Colorectal cancer is the third most common malignancy worldwide, which had ~1,800,000 new cases and 881,000 deaths, implying 1 in 10 cancer cases and deaths in 2018 alone.1 Colonoscopy is effective and essential in the early diagnosis and prevention of colorectal cancer through detection and removal of the neoplastic lesion.64 However, it is far from being perfect. The method has several limitations. First, the method has a relatively-high missed diagnosis rate of precancerous lesions.65 Second, some neoplastic lesions are challenging to detect, even for expert endoscopists.66 Lastly, the task of the endoscopist is time-intensive and labor-intensive. Because of high energy consumption, the endoscopists are prone to inattention, leading to missed diagnosis. At the same time, the diagnostic performance of colonoscopy highly depends on the experience of the endoscopists, which varies among individuals. This implies that the diagnostic accuracy of colonoscopy is unstable.

Recently, CAD system based on AI technology has been shown to have a potential regarding boosting the efficiency and accuracy, as well as an almost instantaneous supportive tool, for the endoscopists. The American Society of Gastrointestinal Endoscopy published Preservation and Incorporation of Valuable Endoscopic Innovations (PIVI) in 2015.67 The threshold of a diagnose-and-leave strategy for small colorectal polyps is NPV≥90%. At the same time, the threshold of a resect-and-discard strategy is above 90% of agreement with histopathology for postpolypectomy surveillance intervals. Some CAD systems already have or exceed this standard. Moreover, this novel technology has not only been applied in the field of colorectal polyps detection but also been used in assisting diagnosis of other colorectal diseases (early-stage colorectal cancer, ulcerative colitis, invasive depth of cancer and iron deficiency anemia).

Computer-Aided Detection for Colorectal Polyps

The detection and diagnosis of colorectal polyps is the most extensive field in which AI technology has been applied to assist the endoscopist. A prospective study involving 1100 patients conducted to compare the diagnostic performance of colonoscopy with or without CAD system assistance.68 Notably, the colonoscopy without CAD assistance detected 248 polyps, whereas colonoscopy with CAD assistance detected 486 polyps. Following careful evaluation, it was observed that the colonoscopy with CAD assistance did not miss any polyp missed. As a result, the findings of this study revealed that the CAD system significantly increases the diagnostic accuracy regardless of the bowel preparation results.

The detection and diagnosis of colorectal polyps is the most extensive field in which AI technology has been applied to assist the endoscopists. A prospective study involving 1100 patients conducted to compare the diagnostic performance of colonoscopy with or without CAD system assistance. Notably, the colonoscopy without CAD assistance detected 248 polyps, whereas colonoscopy with CAD assistance detected 486 polyps. Following careful evaluation, it was observed that the colonoscopy with CAD assistance did not miss any polyp. As a result, the findings of this study revealed that the CAD system significantly increases the diagnostic accuracy regardless of the bowel preparation results.69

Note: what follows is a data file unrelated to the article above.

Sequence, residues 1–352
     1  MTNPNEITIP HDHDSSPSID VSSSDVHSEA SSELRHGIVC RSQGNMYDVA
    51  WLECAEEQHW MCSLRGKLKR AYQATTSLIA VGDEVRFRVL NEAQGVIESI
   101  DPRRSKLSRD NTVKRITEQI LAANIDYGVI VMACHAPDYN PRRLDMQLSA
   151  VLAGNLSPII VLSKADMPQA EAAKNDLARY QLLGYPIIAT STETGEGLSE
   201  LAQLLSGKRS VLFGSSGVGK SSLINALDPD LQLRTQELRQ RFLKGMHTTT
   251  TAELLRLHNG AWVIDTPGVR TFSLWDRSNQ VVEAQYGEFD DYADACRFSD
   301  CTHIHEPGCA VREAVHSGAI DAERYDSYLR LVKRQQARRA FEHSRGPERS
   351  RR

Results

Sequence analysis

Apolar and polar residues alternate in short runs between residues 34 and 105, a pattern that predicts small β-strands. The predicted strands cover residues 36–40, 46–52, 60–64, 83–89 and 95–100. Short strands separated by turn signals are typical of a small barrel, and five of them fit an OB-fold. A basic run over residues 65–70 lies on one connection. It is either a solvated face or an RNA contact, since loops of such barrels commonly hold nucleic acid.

Narrow-band imaging is a type of image-enhanced technique that is prevalent among endoscopists for the detection of microstructures and microvascular abnormalities of the mucosal epithelium.70 However, an optical diagnosis of hyperplastic and adenomatous polyps based on narrow band imaging highly depends on the experience of the endoscopists, whereas the result is not satisfactory.71,72 Chen et al29 designed a CNN-CAD system to overcome this challenge. This system has a sensitivity of 96.3%, a specificity of 78.1%, a PPV of 89.6%, and an NPV of 91.5%. Moreover, the diagnostic time of the CNN-CAD system is significantly shorter (0.45±0.07s vs. 1.54±1.30s experts/ 1.77±1.37s nonexperts) compared with endoscopists. In addition, this system has a perfect intraobserver agreement (κ score of 1 vs. 0.67 experts/0.48 to 0.77 nonexperts).

Computer-aided Diagnosis of Colorectal Polyps

Renner et al34 developed a computer-assisted optical biopsy (CAOB) approach based on CNN to distinguish neoplastic polyps from non-neoplastic polyps with pathologic diagnosis as the golden standard. This system is trained using unmagnified white-light and narrow band imaging endoscopic pictures. The CAOB system has a sensitivity of 92.3% and a specificity of 88.2%. At the same time, 2 expert endoscopists had a sensitivity and specificity of 84.0% and 77.0%, respectively. Therefore, the diagnostic performance of the CAOB approach is better compared with human-experts, although not statistically significant. However, a discrepancy often occurs between high-confidence optical diagnosis of expert endoscopists and subsequent pathologic diagnosis, especially for diminutive adenoma.73 Shahidi et al74 developed a real-time clinical decision support solution (CDSS) based on AI technology to evaluate the discrepancy between endoscopic and pathologic diagnoses of diminutive lesions (diameter smaller than 3 mm). A study involving 644 lesions indicated that only 458 (71.7%) had concordant pathologic diagnoses and 186, 28.9% had differing results. Among the differing results, CDSS and endoscopists had the same diagnoses in 168 (90.3%) lesions. This reveals that pathology may not be used as the golden standard in diagnosing diminutive colorectal lesions (diameter smaller than 3 mm).

Application in the Field of Adenoma Detection